Gazing upon what it had wrought, the series recoiled in disgust, attempting to purge the image of Jar Jar Binks from its mind. But it was not enough. Realizing its weakness, the series sought out a new master to guide it back to the light. Thus began the redemption of Star Wars.
Star Wars is arguably the most prominent franchise to come out of film in the last 50 years, with its line of films, toys, games, cutlery, appliances and even toilet paper saturating the markets for decades. With an enterprise so sprawling, it’s no surprise that the mammoth license would attract the attention of the juggernaut Disney corporation.
Following the series’ revitalization at the hands of the Mouse, however, tensions initially ran rather high. Would Disney be able to do the license justice? With Disney’s nearly mechanical film production procedures and memories of the infamous prequel films still fresh in everyone’s heads, even this critic was initially skeptical. However, what director J.J. Abrams gives audiences in Star Wars Episode VII: The Force Awakens is nothing short of a glorious return to form for the beloved series.
The film is set, as with all of its predecessors, a long time ago, yet still remarkably in the future. Thirty years after 1983’s Return of the Jedi, a victorious Rebel Alliance (now once again the Republic), find themselves troubled by the First Order, a remaining faction of the former Empire led by a mysterious Supreme Leader (Andy Serkis).
To make matters worse, Jedi master Luke Skywalker (Mark Hamill) has vanished without a trace after treachery from within crippled his new order of Jedi. On the small desert world of Jakku, pilot Poe Dameron (Oscar Isaac), aided by Stormtrooper-defect Finn (John Boyega), attempt to retrieve and protect a map to the Jedi master’s location.
But they are not alone: Kylo Ren, dark follower of Snoke, wishes to track down Skywalker himself. And there is someone else on hidden among the sand who may be more than they seem.
Fans of the original films will likely see precisely what is meant by a “return to form for the series.” In terms of plot, The Force Awakens mirrors A New Hope in nearly every way. From its characters to its twists to the sequence of events, there really isn’t much new ground broken.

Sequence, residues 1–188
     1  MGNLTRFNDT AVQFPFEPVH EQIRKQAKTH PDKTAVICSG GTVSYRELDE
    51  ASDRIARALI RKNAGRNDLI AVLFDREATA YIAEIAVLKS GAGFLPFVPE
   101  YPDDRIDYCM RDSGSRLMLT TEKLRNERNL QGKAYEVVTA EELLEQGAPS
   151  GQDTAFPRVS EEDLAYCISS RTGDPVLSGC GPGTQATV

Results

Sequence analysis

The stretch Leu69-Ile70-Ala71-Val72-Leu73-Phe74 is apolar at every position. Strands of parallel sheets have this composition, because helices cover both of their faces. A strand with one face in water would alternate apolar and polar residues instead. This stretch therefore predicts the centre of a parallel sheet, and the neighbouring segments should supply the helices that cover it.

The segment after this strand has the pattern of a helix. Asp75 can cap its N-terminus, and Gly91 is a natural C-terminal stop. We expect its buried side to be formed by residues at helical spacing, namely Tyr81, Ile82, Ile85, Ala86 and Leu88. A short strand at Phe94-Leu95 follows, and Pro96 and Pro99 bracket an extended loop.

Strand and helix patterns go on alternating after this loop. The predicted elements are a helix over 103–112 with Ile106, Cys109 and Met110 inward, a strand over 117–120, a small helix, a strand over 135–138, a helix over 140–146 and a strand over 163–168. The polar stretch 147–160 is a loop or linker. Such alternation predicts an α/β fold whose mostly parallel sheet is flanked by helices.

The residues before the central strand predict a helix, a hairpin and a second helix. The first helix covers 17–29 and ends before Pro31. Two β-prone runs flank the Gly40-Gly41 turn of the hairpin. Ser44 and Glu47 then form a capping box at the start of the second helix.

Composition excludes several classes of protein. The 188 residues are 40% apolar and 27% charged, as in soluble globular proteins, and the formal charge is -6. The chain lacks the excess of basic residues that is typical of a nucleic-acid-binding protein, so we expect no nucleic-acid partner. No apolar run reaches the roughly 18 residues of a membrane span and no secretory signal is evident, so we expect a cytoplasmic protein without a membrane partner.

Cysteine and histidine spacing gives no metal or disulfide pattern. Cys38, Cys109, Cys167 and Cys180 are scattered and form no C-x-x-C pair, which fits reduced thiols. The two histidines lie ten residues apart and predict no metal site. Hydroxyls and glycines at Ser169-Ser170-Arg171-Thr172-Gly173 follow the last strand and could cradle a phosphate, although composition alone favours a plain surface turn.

Admittedly the similarity between this film and its predecessors may be a negative to some viewers. To others, however, it may also be precisely what was desired: abandoning the flaws of the prequel trilogy in order to recapture the tone and feel of the originals. In that regard, the film succeeds without question.
This recapturing of the magic of the originals is aided in no small part by the film’s absolutely fantastic cast. Harrison Ford, Peter Mayhew, Carrie Fischer and Mark Hamill all return in their classic roles and feel right at home on screen. Their presence brings just enough nostalgia to the screen to bring a smile to any longtime fan’s face.
Yet the film does not just rely on that nostalgia. John Boyega and Oscar Isaac bring a wonderful charisma to their roles, owning every scene they are in. Furthermore Daisy Ridley, playing a scavenger named Rey, gives an absolutely beautiful performance, thoroughly defining her character without relying on exposition or explanations (save for a few scenes). Oftentimes she is able to carry a scene or set a tone with just her facial expressions alone, a talent that cannot be understated.
Despite the film’s well-earned praise, however, it still has a fair few flaws that need addressed in its sequel (which, given the film’s gross earnings so far, is of course inevitable).
Its villains, for one, are not quite as memorable as its heroes. In particular, General Hux, played by Domhnall Gleeson, feels relatively weak as a villain as does his criminally underused subordinate Captain Phasma.
Kylo Ren, the film’s primary antagonist played by Adam Driver, is compelling in his own right as a lost, yet hungry villain still coming into his own. What he fails to convey, however, is the powerful, looming sense of terror elicited by characters like Darth Vader, a tone which is very difficult to recapture, but a notably missing staple nonetheless.
It wouldn’t be a Star Wars film without a gorgeous score by musical genius John Williams, who has composed for these films since their infancy. Fortunately for all, he once again delivers, giving us a score that captures the tone of every scene while still having that distinct Star Wars feel, even after all these years.
While admittedly his new themes may not (yet) have the iconic ring of his famed “Imperial March” or the Force theme, time will tell how these pieces fare in years to come.
With this film, it feels as though the Force truly has awakened. Incorporating elements both new and old, Star Wars Episode VII: The Force Awakens reminds us of the magic that made the franchise what it was.
While not necessarily innovative or game-changing, it instead offers an invitation to return to a galaxy far, far away. It tantalizes us with what we already know and love and promises that, this time, it will show us something we actually want to see. And there will be no Gungans to spoil the fun.
Overall Rating: 9/10